printf, fprintf, sprintf - formatted output conversion
printf(format [, arg ] ... )
fprintf(stream, format [, arg ] ... )
sprintf(s, format [, arg ] ... )
char *s, format;
Printf places output on the standard output stream stdout. Fprintf
places output on the named output stream. Sprintf places `output' in
the string s, followed by the character `\0'.
Each of these functions converts, formats, and prints its arguments
after the first under control of the first argument. The first argu-
ment is a character string which contains two types of objects: plain
characters, which are simply copied to the output stream, and conver-
sion specifications, each of which causes conversion and printing of
the next successive arg printf.
Each conversion specification is introduced by the character %. Fol-
lowing the %, there may be
- an optional minus sign `-' which specifies left adjustment of
the converted value in the indicated field;
- an optional digit string specifying a field width; if the con-
verted value has fewer characters than the field width it will
be blank-padded on the left (or right, if the left-adjustment
indicator has been given) to make up the field width; if the
field width begins with a zero, zero-padding will be done
instead of blank-padding;
- an optional period `.' which serves to separate the field width
from the next digit string;
- an optional digit string specifying a precision which specifies
the number of digits to appear after the decimal point, for e-
and f-conversion, or the maximum number of characters to be
printed from a string;
- the character l specifying that a following d, o, x, or u corre-
sponds to a long integer arg. (A capitalized conversion code
accomplishes the same thing.)
- a character which indicates the type of conversion to be
A field width or precision may be `*' instead of a digit string. In
this case an integer arg supplies the field width or precision.
The conversion characters and their meanings are
dox The integer arg is converted to decimal, octal, or hexadecimal
f The float or double arg is converted to decimal notation in the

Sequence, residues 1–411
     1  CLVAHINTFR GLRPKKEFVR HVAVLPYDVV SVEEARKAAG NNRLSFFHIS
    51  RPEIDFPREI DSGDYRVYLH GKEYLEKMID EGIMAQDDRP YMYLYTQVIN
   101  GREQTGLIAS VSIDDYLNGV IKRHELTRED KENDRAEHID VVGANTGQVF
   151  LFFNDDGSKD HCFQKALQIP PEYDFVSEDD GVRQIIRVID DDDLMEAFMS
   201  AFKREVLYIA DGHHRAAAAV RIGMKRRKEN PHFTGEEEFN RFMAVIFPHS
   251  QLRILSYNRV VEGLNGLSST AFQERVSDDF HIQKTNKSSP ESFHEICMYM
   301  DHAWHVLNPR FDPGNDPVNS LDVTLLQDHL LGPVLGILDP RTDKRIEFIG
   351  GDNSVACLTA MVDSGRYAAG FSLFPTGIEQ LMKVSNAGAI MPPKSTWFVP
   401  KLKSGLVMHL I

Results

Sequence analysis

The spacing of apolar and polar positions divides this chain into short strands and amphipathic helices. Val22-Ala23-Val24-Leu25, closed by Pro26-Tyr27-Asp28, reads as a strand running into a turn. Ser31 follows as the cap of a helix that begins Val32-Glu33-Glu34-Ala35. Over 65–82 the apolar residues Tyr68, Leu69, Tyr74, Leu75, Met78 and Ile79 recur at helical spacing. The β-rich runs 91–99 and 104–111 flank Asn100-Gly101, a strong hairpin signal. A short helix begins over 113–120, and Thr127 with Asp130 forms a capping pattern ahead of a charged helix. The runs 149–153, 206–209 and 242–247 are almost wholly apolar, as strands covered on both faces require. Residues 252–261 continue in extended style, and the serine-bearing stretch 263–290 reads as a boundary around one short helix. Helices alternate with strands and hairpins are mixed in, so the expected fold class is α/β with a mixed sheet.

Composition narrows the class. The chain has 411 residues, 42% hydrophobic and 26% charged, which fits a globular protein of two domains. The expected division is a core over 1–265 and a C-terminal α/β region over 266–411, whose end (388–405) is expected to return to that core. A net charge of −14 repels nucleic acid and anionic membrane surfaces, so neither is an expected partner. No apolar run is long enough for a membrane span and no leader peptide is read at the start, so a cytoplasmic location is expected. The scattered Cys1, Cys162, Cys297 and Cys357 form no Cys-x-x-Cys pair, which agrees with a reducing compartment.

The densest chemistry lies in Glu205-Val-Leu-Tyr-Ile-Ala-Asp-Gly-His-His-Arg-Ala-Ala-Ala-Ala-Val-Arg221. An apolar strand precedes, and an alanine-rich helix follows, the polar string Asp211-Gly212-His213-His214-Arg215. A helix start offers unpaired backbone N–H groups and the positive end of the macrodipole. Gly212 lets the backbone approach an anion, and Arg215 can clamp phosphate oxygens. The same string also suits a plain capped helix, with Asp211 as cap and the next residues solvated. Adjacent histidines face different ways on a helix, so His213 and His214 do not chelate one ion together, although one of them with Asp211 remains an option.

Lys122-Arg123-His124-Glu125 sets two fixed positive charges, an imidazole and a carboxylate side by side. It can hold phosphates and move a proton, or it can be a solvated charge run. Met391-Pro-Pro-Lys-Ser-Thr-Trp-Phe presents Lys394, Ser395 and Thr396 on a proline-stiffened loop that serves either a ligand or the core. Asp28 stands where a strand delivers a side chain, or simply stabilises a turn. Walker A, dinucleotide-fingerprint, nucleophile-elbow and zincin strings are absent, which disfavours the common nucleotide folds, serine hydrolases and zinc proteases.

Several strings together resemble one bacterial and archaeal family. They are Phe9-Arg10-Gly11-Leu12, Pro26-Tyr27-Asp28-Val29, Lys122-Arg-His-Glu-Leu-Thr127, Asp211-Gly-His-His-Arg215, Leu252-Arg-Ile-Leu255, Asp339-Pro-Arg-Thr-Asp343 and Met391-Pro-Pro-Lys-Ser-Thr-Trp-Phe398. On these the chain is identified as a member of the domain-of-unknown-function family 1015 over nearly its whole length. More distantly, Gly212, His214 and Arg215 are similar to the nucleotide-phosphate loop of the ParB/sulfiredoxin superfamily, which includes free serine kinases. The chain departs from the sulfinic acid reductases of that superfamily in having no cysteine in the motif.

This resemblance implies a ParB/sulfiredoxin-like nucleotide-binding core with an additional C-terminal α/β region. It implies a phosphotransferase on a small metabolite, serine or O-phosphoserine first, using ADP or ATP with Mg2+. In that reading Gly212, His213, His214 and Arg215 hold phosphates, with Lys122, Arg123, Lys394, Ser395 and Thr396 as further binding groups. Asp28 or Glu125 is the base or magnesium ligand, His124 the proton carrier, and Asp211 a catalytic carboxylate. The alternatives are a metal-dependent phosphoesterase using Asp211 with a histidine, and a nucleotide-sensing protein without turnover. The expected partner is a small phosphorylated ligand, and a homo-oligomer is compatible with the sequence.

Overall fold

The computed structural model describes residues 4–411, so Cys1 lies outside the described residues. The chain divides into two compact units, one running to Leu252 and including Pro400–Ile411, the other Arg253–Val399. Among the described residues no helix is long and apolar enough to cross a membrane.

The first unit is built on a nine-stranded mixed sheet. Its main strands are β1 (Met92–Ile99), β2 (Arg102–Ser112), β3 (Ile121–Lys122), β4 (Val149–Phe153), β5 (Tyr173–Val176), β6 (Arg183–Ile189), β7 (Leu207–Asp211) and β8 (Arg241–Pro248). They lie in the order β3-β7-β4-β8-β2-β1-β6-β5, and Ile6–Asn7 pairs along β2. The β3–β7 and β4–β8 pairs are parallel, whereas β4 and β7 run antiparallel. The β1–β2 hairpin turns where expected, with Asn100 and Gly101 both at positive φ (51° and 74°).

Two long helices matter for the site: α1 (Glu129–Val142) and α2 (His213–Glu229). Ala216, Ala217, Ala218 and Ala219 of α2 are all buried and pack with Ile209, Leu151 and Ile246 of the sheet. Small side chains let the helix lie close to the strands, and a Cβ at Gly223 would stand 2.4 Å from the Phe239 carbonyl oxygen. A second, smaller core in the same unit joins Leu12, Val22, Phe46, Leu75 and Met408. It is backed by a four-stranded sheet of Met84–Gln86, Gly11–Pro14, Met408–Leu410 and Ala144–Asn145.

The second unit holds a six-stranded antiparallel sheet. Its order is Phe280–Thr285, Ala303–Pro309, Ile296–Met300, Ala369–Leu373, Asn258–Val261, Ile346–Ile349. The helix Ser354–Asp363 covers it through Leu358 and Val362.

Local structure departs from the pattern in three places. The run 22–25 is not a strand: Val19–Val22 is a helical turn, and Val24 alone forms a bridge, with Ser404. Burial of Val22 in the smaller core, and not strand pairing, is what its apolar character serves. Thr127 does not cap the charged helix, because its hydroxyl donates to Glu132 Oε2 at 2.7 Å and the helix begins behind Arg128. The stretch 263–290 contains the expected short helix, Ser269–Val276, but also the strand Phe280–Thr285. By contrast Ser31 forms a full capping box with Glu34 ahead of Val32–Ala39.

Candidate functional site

style `[-]ddd.ddd' where the number of d's after the decimal
point is equal to the precision specification for the argument.
If the precision is missing, 6 digits are given; if the preci-
sion is explicitly 0, no digits and no decimal point are
e The float or double arg is converted in the style
`[-]d.ddde+-dd' where there is one digit before the decimal
point and the number after is equal to the precision specifica-
tion for the argument; when the precision is missing, 6 digits
g The float or double arg is printed in style d, in style f, or in
style e, whichever gives full precision in minimum space.
c The character arg is printed. Null characters are ignored.
s Arg is taken to be a string (character pointer) and characters
from the string are printed until a null character or until the
number of characters indicated by the precision specification is
reached; however if the precision is 0 or missing all characters
up to a null are printed.
u The unsigned integer arg is converted to decimal and printed
(the result will be in the range 0 to 65535).
% Print a `%'; no argument is converted.
In no case does a non-existent or small field width cause truncation of
a field; padding takes place only if the specified field width exceeds
the actual width. Characters generated by printf are printed by
To print a date and time in the form `Sunday, July 3, 10:02', where
weekday and month are pointers to null-terminated strings:
printf("%s, %s %d, %02d:%02d", weekday, month, day, hour, min);
To print pi to 5 decimals:
printf("pi = %.5f", 4*atan(1.0));
putc(3), scanf(3), ecvt(3)
Very wide fields (>128 characters) fail.